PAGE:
Running the examples on your cluster

The MPI examples given in the next few chapters show how to compile and run the code examples. Running an MPI job on a cluster can vary depending on the system (multicore or cluster) and particular MPI package that is installed on the system. Here are a few pointers about running them for your particular system. You will have to know what type of system and which MPI package is installed to know what will work for you for these examples.

Typical ways to run your MPI jobs on a cluster

There are two variations of the MPI (Message Passing Interface) standard that are typically installed on most clusters:

  • MPICH
  • OpenMPI

Though developed to match the same standard, they are slightly different. This means that there will be some variation in just exactly how to run your code on your cluster (or your multicore machine). This document provides some basic instructions for unix machines.

You should note that you will need information specific to your cluster- a file that lists the names of the nodes in your particular cluster, and that its format will be different depending on whether you have MPICH or OpenMPI installed. You can also run MPI on a multicore machine; in this case you will not need the aforementioned file of nodes, since you are not running on a cluster.

Basic command for running MPI programs : multicore system

The program to run MPI programs is called either mpirun or mpiexec. On most installations, these two programs are the same- one is an alias to the other. We will use mpirun in our examples below.

On a multicore machine, you can run your_program, an executable file created from the mpicc compiler, as follows:

mpirun -np <number of processes> ./your_program

Running MPI on a cluster of computers

Running MPI jobs on a cluster of computers requires an additional command-line flag so that you can specify the names of the nodes to run the processes on. The format for running your MPI executable called your_program becomes:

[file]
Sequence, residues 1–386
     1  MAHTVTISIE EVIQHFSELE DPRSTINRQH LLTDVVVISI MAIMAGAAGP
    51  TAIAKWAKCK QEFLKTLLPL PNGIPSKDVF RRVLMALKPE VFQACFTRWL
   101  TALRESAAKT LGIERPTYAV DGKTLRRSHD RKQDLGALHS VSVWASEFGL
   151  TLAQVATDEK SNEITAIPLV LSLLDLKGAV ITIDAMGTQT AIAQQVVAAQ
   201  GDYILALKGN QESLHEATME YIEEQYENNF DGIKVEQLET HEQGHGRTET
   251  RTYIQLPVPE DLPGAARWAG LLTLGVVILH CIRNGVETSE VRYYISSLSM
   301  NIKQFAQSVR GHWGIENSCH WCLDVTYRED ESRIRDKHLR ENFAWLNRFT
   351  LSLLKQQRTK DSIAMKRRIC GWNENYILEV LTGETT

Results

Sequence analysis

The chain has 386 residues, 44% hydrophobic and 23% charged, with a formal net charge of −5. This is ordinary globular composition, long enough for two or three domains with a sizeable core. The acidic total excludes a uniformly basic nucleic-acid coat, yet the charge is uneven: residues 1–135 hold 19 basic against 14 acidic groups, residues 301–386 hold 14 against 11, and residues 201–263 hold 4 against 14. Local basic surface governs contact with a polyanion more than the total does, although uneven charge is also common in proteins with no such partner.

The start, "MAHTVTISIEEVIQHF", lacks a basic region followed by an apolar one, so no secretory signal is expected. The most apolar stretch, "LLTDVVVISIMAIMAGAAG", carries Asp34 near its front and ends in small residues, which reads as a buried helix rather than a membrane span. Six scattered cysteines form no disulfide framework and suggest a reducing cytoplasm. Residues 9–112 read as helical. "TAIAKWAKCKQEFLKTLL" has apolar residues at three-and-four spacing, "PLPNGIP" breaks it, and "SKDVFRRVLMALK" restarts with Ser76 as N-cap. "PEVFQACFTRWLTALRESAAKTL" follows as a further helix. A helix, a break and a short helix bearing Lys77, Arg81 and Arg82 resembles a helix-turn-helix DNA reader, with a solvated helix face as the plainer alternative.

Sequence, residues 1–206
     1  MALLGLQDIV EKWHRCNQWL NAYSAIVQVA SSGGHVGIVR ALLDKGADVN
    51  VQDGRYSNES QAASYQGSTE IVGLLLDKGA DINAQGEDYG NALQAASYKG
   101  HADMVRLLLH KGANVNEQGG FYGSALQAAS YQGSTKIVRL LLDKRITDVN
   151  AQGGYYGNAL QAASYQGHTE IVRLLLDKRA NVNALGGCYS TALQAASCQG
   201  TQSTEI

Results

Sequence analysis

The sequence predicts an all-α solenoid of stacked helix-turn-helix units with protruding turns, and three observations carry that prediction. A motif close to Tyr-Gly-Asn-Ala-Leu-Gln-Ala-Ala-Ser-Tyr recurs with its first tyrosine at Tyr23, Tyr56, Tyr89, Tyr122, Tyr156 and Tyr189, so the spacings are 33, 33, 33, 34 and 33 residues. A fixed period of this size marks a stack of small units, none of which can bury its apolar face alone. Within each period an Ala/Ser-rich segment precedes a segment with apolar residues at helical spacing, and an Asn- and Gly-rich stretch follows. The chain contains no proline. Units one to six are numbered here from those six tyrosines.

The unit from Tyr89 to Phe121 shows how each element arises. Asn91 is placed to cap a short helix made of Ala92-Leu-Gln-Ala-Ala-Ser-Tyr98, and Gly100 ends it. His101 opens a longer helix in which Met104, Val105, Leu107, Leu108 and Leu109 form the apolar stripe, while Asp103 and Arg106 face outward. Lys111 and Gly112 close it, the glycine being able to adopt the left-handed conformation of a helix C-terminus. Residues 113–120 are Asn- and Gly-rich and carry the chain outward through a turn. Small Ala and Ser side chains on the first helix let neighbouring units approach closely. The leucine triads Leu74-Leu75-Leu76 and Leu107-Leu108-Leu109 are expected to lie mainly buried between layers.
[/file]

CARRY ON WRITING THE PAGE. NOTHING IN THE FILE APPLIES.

mpirun -np <number of processes> -hostfile <path to file of hosts> ./your_program

The hostfile: MPICH

If you have MPICH installed, the format of the hostfile listing your nodes most commonly will look like this, with simply the names of the machines in your cluster that you want to use:

head
node1
node2
node3

Where each line contains the name of a machine in your cluster. In this example were are assuming we have a cluster with a machine called head, and three more called node1, node2, and node3.

Using a file like this with the -hostfile option, mpirun will start processes in a round-robin fashion, one process per node, using each node once, then starting again, until a total of the number of processes given with the -np flag have been started. This is typically called the by node option of scheduling.

There are other variations in the format of these files that result in different ways of assigning processes to nodes. This is the simplest way to get started with a cluster using mpich.

The hostfile: OpenMPI

The hostfile for OpenMPI’s version of mpirun needs a different format. A typical file will look something like this:

head slots=3 max-slots=3
node1 slots=4 max-slots=4
node2 slots=4 max-slots=4
node3 slots=4 max-slots=4

The slots setting for each node indicates the number of cores on that node that you wish to have processes assigned to. In the above example, we were choosing to set aside one of our cores on the quad core head node so that it would not be used, so we designated that it had 3 slots available. The max-slots setting indicates the maximum number of processes that can be assigned to that node. In the above example, we are indicating that we do not want to oversubscribe any of the nodes beyond the cores available on them.

The default mode of running OpenMPI jobs is by slot on each node. For example, using the above hostfile called cluster_nodes and running this command:

mpirun -np 4 --hostfile cluster_nodes hostanme

Would result in output that would look like this (though the ordering may be different):

head
head
head
node1

In this by slot mode, the maximum number of slots on the first node listed in the file were used before a slot in the next node was used to assign a process. To use the by node, round-robin behavior you can run OpenMPI programs like this:

mpirun -np 4 --map-by node --hostfile cluster_hosts hostname

This would result in all nodes being used once.